•  Why (7+ / 0-)

    Why isn't this more of a story here?  The train came from the Dakotas, no?  So there's your USA hook.  Dozens more killed unfortunately than in the SFO air crash.

    So why isn't this the top story?  What are we missing?

    On a separate note, I watched Aaron Sorkin's latest liberal fantasy, "NewsRoom" over the weekend.  And I guess we know why this story isn't the top story.

    This is depressing shit, man.

  •  I can only speak to my former... (18+ / 0-)

      ...employer's rules. There is no way that train was properly secured. Our rules required the crew to apply sufficient handbrakes to hold the train with the automatic and the independent brakes released, then to re-apply the automatic to a 20# reduction, and also then to apply the locomotive handbrakes.

    My guess is that, in the confusion and hubbub of the locomotive fire, they didn't secure the train. Makes sense, doesn't it? Then, for whatever reason the crew was relieved from duty. The 2 employees who were on scene, likely didn't realize the train was not secure.

    Even so, if the cars seperated from the locomotives, they should've went into an emergency brake application automatically and immediately.......

    There's a lot more to this than we now know.

    Compost for a greener planet.............got piles?

    by Hoghead99 on Mon Jul 08, 2013 at 06:54:32 PM PDT

    •  Would the fact that it is a short line (0+ / 0-)

      have anything to do with it?
      (i.e. less slack with staffing or operations?)

    •  all kinds of woulda, coulda, shoulda is going to (5+ / 0-)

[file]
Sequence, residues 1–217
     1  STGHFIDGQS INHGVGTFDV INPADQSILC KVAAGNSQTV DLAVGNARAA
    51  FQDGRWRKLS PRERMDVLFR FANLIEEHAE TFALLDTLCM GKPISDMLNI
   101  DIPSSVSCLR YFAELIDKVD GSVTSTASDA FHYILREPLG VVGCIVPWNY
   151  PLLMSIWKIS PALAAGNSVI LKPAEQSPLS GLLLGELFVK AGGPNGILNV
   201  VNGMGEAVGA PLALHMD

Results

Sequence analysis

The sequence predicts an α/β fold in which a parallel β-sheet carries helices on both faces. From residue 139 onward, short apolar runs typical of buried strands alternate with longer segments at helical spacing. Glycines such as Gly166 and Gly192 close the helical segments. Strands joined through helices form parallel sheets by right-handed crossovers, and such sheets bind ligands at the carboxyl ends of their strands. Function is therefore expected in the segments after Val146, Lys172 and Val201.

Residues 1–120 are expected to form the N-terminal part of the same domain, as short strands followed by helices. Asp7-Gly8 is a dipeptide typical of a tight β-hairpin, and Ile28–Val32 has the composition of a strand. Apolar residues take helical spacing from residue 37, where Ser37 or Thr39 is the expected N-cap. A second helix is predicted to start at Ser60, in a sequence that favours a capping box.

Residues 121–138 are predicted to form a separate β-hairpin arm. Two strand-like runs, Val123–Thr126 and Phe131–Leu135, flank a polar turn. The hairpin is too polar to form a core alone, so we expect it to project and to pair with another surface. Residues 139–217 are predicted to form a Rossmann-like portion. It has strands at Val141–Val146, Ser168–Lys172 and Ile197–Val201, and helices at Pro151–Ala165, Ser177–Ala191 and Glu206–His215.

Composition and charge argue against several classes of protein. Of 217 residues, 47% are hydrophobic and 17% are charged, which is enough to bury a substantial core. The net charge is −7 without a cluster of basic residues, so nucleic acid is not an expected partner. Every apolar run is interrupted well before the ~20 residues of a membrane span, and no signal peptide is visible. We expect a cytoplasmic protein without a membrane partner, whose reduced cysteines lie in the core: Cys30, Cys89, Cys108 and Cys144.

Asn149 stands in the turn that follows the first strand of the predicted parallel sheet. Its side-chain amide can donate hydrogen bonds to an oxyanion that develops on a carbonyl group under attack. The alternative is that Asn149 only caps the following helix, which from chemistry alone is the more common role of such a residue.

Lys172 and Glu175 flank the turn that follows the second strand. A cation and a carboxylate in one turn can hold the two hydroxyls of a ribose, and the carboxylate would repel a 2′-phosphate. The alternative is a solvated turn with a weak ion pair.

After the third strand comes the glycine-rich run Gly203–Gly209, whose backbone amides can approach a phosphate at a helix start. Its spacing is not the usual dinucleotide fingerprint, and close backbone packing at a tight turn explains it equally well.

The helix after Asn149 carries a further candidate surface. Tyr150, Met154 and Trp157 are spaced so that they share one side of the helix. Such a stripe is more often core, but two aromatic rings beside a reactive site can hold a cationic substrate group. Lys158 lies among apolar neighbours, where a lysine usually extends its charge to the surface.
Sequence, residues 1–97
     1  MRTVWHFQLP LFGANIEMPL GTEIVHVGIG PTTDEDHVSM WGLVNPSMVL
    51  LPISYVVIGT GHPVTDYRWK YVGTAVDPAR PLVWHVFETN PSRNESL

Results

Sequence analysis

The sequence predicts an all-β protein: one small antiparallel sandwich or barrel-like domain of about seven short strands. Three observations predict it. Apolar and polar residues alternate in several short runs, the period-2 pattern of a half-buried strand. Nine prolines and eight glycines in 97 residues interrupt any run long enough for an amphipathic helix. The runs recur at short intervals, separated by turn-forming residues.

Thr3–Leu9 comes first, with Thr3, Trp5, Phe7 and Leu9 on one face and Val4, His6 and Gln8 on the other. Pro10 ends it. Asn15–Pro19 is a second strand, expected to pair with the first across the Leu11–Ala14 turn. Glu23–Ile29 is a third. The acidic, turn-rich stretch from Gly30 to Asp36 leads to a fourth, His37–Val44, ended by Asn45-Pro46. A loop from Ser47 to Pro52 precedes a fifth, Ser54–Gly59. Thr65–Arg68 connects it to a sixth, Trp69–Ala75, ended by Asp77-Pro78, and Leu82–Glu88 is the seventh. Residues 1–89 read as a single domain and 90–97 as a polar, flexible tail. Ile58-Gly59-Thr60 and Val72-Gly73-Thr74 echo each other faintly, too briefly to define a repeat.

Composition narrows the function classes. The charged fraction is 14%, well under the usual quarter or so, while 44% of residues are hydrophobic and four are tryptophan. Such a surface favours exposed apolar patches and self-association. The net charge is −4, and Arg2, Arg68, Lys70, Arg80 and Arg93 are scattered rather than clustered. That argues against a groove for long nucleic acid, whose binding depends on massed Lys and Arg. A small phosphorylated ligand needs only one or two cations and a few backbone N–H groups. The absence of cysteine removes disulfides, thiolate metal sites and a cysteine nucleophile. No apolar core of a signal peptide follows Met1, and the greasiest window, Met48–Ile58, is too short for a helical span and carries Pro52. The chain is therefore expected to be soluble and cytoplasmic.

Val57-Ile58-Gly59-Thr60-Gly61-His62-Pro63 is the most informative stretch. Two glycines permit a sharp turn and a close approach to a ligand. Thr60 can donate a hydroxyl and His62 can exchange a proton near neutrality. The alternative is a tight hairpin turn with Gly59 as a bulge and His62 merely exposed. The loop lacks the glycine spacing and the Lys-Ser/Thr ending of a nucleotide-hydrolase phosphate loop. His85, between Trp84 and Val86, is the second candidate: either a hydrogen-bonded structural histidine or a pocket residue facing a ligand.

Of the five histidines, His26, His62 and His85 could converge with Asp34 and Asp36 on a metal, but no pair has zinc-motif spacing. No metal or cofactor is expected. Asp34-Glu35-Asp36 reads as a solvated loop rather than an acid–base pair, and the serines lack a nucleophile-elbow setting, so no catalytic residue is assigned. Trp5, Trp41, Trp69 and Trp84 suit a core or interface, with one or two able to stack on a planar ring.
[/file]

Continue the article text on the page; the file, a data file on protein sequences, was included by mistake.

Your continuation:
be applied here, as well it should. But you make an important point here:

      The 2 employees who were on scene, likely didn't realize the train was not secure.
      No- apparently they didn't, even if they should have, because no one would do such a thing on purpose and it all began as an incident that turned into a horrendous accident. Even Jesus's parents once looked at each other and said 'I thought you had him.'

      Quite likely there are plenty of people kicking themselves in despair over their role or possible role in what went wrong.

      We are all pupils in the eyes of God.

      by nuclear winter solstice on Mon Jul 08, 2013 at 08:09:32 PM PDT

      [ Parent ]

    •  ... (0+ / 0-)
      They did not secure the train . (1+ / 0-)

      It might not have occurred to them that it could roll away .
      Even if they wanted to stop it from rolling , it takes some doing to prevent that much weight from rolling down hill .

      by indycam on Sun Jul 07, 2013 at 11:46:51 AM PDT

      The standard you walk past is the standard you accept. David Morrison

      by indycam on Mon Jul 08, 2013 at 08:26:30 PM PDT

      [ Parent ]

      •  It takes some doing (0+ / 0-)
        Even if they wanted to stop it from rolling , it takes some doing to prevent that much weight from rolling down hill.